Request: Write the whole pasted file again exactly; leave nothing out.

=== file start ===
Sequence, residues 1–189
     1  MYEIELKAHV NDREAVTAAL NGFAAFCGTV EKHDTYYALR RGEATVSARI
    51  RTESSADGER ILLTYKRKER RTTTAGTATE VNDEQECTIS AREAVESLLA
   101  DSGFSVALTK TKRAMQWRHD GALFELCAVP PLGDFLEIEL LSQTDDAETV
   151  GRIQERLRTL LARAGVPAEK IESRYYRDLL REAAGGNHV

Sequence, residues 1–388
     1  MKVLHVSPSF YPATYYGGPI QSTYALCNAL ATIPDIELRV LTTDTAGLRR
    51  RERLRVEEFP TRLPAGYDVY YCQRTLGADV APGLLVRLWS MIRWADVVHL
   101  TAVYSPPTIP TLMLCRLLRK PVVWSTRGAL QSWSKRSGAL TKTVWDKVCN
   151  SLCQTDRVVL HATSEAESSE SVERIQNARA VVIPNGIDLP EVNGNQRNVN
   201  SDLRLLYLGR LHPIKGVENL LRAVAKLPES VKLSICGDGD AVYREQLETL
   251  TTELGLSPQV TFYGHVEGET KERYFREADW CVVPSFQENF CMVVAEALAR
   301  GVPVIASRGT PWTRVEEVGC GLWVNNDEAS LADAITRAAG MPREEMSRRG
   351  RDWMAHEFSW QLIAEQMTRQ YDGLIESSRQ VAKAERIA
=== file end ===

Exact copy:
Sequence, residues 1–189
     1  MYEIELKAHV NDREAVTAAL NGFAAFCGTV EKHDTYYALR RGEATVSARI
    51  RTESSADGER ILLTYKRKER RTTTAGTATE VNDEQECTIS AREAVESLLA
   101  DSGFSVALTK TKRAMQWRHD GALFELCAVP PLGDFLEIEL LSQTDDAETV
   151  GRIQERLRTL LARAGVPAEK IESRYYRDLL REAAGGNHV

Sequence, residues 1–388
     1  MKVLHVSPSF YPATYYGGPI QSTYALCNAL ATIPDIELRV LTTDTAGLRR
    51  RERLRVEEFP TRLPAGYDVY YCQRTLGADV APGLLVRLWS MIRWADVVHL
   101  TAVYSPPTIP TLMLCRLLRK PVVWSTRGAL QSWSKRSGAL TKTVWDKVCN
   151  SLCQTDRVVL HATSEAESSE SVERIQNARA VVIPNGIDLP EVNGNQRNVN
   201  SDLRLLYLGR LHPIKGVENL LRAVAKLPES VKLSICGDGD AVYREQLETL
   251  TTELGLSPQV TFYGHVEGET KERYFREADW CVVPSFQENF CMVVAEALAR
   301  GVPVIASRGT PWTRVEEVGC GLWVNNDEAS LADAITRAAG MPREEMSRRG
   351  RDWMAHEFSW QLIAEQMTRQ YDGLIESSRQ VAKAERIA